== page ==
Never leave your pet outside unattended.  Yes, dogs can scale 8’ fences. Yes, dogs can break through picture windows.  In a state of panic, pets who wouldn’t normally leave their yard may run and become lost, or tangled in their chains.  Bringing them in the house or cool safe garage is the best option. If your pet is crate trained already, this is very safe and secure for them.

Have a new pet? You might want to stay at home this year if you are unsure of how your new pet might react to the busy and loud weekend…

If you know ahead of time that your pet will be extremely distraught during this weekend, consult your veterinarian for ways to help alleviate anxiety.  Dog Face can also help with behavior modification to help your pet overcome his fears.

Resources for lost pets:

Lost Dogs of Wisconsin: http://lostdogsofwisconsin.org/
Dane County Humane Society: http://www.giveshelter.org
Green County Humane Society: http://www.greencountyhumane.org/

Click here for 4th of July Article >>

As always, thank you allowing us to be a part of your family, your dogs learning and growing – We love what we do and we’re honored to help!

 

Giene Keyes and the Dog Face Behavior Team 

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About Dog Face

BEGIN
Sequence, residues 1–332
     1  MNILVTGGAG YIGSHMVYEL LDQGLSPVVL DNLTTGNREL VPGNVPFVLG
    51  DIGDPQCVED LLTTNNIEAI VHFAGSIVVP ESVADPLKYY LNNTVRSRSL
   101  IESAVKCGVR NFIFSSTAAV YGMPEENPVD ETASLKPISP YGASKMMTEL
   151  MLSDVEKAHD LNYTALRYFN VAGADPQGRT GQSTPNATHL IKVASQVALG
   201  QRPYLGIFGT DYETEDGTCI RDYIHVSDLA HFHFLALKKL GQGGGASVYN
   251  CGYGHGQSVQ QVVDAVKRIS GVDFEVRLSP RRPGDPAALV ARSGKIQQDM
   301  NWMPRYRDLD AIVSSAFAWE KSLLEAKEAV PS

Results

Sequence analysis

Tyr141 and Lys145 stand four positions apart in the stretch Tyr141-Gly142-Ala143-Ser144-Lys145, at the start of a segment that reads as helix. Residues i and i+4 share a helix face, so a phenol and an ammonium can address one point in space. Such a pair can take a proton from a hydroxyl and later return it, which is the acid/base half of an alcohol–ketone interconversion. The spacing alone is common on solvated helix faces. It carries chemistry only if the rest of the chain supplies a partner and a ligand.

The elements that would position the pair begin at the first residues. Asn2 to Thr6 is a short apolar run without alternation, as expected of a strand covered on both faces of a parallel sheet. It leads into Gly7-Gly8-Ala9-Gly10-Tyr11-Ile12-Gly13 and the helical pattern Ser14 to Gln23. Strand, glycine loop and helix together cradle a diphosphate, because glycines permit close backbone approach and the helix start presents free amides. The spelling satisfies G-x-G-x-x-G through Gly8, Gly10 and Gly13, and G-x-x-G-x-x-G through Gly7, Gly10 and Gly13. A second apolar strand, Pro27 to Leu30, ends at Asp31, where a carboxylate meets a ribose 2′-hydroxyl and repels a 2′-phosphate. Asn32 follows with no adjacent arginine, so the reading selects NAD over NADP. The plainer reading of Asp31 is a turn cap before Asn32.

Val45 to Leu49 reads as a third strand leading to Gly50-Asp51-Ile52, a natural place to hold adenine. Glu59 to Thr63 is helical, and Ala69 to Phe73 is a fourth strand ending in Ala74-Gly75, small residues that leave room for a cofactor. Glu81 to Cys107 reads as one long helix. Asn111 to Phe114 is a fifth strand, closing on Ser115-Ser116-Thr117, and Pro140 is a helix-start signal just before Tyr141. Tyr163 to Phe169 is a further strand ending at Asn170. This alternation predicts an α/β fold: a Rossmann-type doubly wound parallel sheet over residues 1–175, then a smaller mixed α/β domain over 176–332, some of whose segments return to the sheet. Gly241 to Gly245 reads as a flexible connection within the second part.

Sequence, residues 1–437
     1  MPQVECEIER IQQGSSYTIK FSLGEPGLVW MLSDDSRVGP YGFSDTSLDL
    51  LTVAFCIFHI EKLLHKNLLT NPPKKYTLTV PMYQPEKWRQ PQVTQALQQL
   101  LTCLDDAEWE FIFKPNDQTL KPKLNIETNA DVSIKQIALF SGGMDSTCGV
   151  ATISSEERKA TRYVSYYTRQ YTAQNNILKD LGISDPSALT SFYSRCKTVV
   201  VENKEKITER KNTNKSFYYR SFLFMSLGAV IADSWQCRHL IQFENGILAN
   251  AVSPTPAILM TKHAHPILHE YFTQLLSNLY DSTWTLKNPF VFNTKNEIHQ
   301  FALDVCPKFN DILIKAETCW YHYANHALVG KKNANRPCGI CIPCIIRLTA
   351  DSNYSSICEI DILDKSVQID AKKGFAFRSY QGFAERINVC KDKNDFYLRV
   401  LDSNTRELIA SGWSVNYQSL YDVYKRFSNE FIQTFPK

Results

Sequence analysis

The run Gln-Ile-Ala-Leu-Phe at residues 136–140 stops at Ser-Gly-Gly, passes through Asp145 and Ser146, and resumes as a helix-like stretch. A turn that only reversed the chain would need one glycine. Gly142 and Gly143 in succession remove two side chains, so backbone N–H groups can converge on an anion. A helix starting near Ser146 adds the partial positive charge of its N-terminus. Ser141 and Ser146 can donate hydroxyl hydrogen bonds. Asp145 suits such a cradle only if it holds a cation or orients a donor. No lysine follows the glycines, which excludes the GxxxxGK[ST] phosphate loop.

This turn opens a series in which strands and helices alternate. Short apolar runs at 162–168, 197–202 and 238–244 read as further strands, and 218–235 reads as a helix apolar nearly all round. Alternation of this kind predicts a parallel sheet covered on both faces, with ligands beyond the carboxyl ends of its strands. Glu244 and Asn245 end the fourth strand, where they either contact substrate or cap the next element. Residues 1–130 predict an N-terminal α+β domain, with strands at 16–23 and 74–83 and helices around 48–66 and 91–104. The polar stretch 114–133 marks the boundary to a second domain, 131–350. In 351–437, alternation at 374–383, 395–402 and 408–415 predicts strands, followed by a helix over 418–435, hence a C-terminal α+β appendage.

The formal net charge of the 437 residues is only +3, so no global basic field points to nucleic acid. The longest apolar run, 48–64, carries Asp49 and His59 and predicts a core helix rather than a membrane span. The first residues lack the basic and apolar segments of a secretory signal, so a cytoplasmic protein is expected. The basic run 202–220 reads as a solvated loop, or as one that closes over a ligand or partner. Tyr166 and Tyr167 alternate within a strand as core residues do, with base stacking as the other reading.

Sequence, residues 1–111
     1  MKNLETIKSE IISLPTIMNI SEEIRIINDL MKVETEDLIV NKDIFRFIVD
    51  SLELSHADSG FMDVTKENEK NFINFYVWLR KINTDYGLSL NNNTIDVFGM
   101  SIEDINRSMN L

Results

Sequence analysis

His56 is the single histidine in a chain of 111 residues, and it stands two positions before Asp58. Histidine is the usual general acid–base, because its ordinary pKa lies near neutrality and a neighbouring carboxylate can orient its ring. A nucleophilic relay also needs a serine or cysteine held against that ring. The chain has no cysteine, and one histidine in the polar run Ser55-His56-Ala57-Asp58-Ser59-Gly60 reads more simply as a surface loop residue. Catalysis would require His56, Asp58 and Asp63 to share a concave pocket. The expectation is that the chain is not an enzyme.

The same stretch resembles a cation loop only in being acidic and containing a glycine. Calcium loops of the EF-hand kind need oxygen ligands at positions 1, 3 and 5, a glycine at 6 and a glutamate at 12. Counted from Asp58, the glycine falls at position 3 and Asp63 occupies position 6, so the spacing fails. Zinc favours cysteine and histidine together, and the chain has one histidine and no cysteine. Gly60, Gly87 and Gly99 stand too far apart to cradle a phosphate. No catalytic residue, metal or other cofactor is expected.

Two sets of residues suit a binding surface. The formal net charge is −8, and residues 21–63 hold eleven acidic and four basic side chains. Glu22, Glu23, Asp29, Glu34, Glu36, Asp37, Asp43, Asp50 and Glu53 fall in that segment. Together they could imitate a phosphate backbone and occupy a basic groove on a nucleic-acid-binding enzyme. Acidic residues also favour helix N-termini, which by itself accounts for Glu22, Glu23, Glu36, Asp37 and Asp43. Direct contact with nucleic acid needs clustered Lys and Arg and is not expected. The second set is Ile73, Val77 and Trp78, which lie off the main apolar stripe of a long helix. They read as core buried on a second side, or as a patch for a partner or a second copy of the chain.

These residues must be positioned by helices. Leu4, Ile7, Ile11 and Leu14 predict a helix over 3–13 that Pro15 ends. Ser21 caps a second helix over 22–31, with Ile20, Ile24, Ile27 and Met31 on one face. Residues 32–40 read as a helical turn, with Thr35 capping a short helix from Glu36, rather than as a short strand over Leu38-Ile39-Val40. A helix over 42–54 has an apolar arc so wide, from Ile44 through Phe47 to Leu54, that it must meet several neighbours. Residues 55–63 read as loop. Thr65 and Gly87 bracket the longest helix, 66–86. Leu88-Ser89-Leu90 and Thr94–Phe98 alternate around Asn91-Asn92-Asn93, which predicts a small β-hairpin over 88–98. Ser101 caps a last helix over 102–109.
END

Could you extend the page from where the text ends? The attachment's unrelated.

Giene Keyes, CPDT – KA Owner & Founder of Dog Face, LLC & Shooting Star Portuguese Water Dogs Giene started working with dog behavior in 1990 when she adopted a 4-year old Greyhound from the racing track. To date he is the most severe separation anxiety case that she has seen. He taught Giene about the psyche and learning process of dogs. It wasn’t until Giene was training her little pot-bellied Labrador puppy in 1995 that she really became interested in the actual training process of canines. Starting her small training business in 1997 she developed her own methods and ideas of positive reinforcement. She took what she had learned from her Greyhound, as well as positive methods she used to train horses, to create what is now the base of our training methods in the classes we teach today. Giene is a professional dog trainer and behavior specialist in Southern Wisconsin. After winning Best of Madison for two years in a row, Giene sold her Madison Dog Daycare to devote her time to dog behavior and helping owners create harmony with their pets in their homes. Specializing in aggression and difficult dog cases, Giene also works with rescue groups and shelters, evaluating dogs for adoption, developing Canine Aggression Management programs, and educating staff on dog language and behaviors. She has provided behavior consultations for service dog organizations, rescue groups and dog daycares throughout the Midwest. She is often contacted by police departments to work with individuals that have dangerous dogs. As a mother of 3 young children, Giene also realizes the importance of family dog training. She incorporates realistic training methods and helps to incorporate dogs into the family. She is an Instructor with the American Red Cross in Pet CPR and First Aid, a Certified Canine Good Citizen Evaluator with the American Kennel Club, and a Licensed Judge with the WI Dept of Ag, Trade & Consumer Protection. Giene routinely presents seminars on Dog Behavior, Training, and Operant Conditioning as well as educating her staff on dog body language and pack mentality. Giene is a member of the Association of Pet Dog Trainers and is a Certified Pet Dog Trainer. Giene has been a regular guest on popular Madison radio shows and interviewed on numerous evening newscasts. Giene has also been featured in a number of local magazines, including the cover for Wisconsin Woman in 2010. Giene has also been highlighted in the Wisconsin State Journal for her work with Chicken Clicker Training, improving dog training skills along with timing and observation, and recently interviewed for a Nationwide Podcast. She enjoys holding training workshops across the state. If you would like to learn more about Giene, Dog Face and the services they offer, please go to the Dog Face web site at www.DogFacePet.com. Please feel free to contact Giene of any member of the Dog Face Behavior Team anytime!